A Lot or a Little?
What you will—and won't—find in this movie.
Heavily features theme of perseverance and, to a lesser extent, humility through its main character. Also depicts informing/whistleblowing in regards to immoral, criminal activity as a positive and admirable act.
Positive Role Models
Main characters are duplicitous and lie frequently, either by choice, out of duress, or from a need to survive. Supporting characters are amoral gangsters who have no problem causing injury or death with weapons and fists. Leonard is a thoughtful, detail-oriented master craftsman who cares a great deal for his assistant, Mable, serving as somewhat of a substitute father. Mable is intelligent and ambitious and dreams of travel and adventures. The gangsters are amoral but have their own code and rules of loyalty and allegiance.
One important but brief scene includes three Black characters, but only one has any spoken dialogue. She does, however, play a key supporting role and gives a short monologue about how immigrants like her and the Englishman are always mistreated and oppressed once they start making real money or experiencing real success. Other than that, the cast is all White and includes only one prominent woman.
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Violence & Scariness
A character is shot twice at close range. His bloody neck is shown after the first shot, but the second shot is to the face and not visible (although the fact he's then "missing half his face" is mentioned).
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Sex, Romance & Nudity
Two characters flirt, hug, and kiss a few times. A woman is referred to as a man's "girl," whom the man brags about to his colleagues.
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Frequent, with dozens of uses of "f--k," "f---ing," "motherf----r," "s--t," "ass," "son of a bitch," and "goddamn," plus insults like "rat" and more.
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Products & Purchases
Mable uses an Alka-Seltzer, presumably for a hangover.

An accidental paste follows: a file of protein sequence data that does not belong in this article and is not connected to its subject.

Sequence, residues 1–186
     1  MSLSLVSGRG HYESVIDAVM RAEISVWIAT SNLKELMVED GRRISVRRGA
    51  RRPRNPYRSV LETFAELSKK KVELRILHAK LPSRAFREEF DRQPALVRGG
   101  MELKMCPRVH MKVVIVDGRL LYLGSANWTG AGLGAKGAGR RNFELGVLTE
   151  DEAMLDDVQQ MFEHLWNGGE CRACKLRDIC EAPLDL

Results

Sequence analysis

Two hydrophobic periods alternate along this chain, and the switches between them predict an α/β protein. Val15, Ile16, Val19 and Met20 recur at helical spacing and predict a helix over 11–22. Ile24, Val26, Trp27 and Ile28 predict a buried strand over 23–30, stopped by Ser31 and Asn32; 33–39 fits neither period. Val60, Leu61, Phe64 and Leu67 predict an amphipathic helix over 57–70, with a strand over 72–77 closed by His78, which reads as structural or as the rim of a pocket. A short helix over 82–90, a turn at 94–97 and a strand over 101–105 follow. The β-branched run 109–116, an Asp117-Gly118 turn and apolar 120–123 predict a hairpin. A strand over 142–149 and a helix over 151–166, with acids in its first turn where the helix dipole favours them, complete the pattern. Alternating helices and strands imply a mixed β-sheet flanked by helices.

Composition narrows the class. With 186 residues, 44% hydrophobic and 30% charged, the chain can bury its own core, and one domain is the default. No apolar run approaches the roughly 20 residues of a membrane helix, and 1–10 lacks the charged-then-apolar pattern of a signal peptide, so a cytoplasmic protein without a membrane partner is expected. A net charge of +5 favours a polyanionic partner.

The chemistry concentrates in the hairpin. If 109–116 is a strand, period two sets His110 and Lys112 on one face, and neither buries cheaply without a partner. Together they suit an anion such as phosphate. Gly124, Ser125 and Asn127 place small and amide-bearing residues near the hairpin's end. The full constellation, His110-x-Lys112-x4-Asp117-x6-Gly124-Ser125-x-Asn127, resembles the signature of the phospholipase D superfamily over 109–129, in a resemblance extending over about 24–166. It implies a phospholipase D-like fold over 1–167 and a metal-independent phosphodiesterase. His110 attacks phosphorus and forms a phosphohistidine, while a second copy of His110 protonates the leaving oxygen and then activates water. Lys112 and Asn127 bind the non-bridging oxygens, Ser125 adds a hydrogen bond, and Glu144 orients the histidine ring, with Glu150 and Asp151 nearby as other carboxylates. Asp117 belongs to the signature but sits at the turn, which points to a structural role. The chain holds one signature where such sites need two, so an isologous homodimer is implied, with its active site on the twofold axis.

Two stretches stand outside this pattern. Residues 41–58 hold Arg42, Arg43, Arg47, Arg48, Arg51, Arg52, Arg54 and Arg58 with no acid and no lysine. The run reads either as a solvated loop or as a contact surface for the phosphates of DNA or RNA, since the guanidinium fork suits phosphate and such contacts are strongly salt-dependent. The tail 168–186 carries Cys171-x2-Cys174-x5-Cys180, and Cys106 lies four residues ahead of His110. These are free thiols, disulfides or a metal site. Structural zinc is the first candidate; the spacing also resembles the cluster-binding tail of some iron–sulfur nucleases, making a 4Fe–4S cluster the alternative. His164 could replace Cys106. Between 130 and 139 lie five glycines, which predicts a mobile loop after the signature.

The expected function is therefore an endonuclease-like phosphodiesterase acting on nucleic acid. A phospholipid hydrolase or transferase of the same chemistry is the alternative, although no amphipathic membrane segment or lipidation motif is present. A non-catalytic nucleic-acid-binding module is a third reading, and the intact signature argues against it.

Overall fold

Drinking, Drugs & Smoking
Adults smoke cigarettes on several occasions, mostly to relieve stress. People drink liquor from glasses or straight from the bottle. In one case, alcohol is used to clean a wound and a needle. A woman takes Alka-Seltzer in the morning and looks hung over.
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Parents Need to Know
Parents need to know that The Outfit is a 1950s-set crime drama about the discreet proprietor of a high-end suit shop (Mark Rylance) who allows his business to be an exchange point for Chicago gang members. The movie -- which takes place completely inside the shop -- includes scenes of bloody gun violence, multiple verbal and armed threats, and promises of torture and kidnapping. Two characters are held at gunpoint several times, there's more than one murder in the shop, and many off-camera killings are casually discussed. Frequent salty language includes "f--k," "s--t," "motherf----r," and more, but sexual content is limited to light flirting and one scene in which a couple on a date hugs, holds hands, and kisses a couple of times. The movie centers on White characters but does include a brief sequence with three Black characters, although only one of them speaks. This is a violently bloody and plot twist-filled crime drama aimed at adults and mature older teens, with a complex approach to themes of perseverance and humility. To stay in the loop on more movies like this, you can sign up for weekly Family Movie Night emails.
Is It Any Good?
Screenwriter Graham Moore's directorial debut is a finely crafted crime drama that benefits from Rylance's master-class performance in every scene. The Academy Award-winning actor is fabulously nuanced and understated as the thoughtful, deliberate suit cutter who deliberately ignores the parade of well-suited (and armed) men who use his shop as a drop-off spot and call him "English." The entire movie takes place at the shop, providing the one-set drama a sense of tightly wound theatricality. This is a tautly written (by Moore and co-writer Johnathan McClain), acted, and executed movie that, while not as funny or quirky as something like Knives Out, has moments of witty banter as brief release from the ever growing sense of dread.
Audiences might think they're a step ahead of the plot development and may grow frustrated at some of the characters' decisions. But it's unlikely you'll see every twist and turn, and that's a good thing. O'Brien is ideally cast as Boyle's overly chatty and entitled, if untalented, son, who's more bark than bite. Meanwhile, Flynn exudes a quiet and deadly calm. His facial scar, much like Tommy Flanagan's and the late Michael K. Williams', adds to his character's mysterious backstory. Deutch, still looking like a copy-and-paste version of her mother, Lea Thompson, is also noteworthy as the sole woman (for all but one scene) in the film. Like Rylance, she can brilliantly portray a multitude of emotions with the subtlest gestures or facial expressions. Dick Pope's cinematography makes the shop look alternately cavernous and claustrophobic, and Alexandre Desplat's score ratchets up the tension to nearly unbearable levels. Ultimately, this is a fine pick for mature moviegoers who enjoy crime dramas that make you think.
Did we miss something on diversity?
Research shows a connection between kids' healthy self-esteem and positive portrayals in media. That's why we've added a new "Diverse Representations" section to our reviews that will be rolling out on an ongoing basis. You can help us help kids by suggesting a diversity update.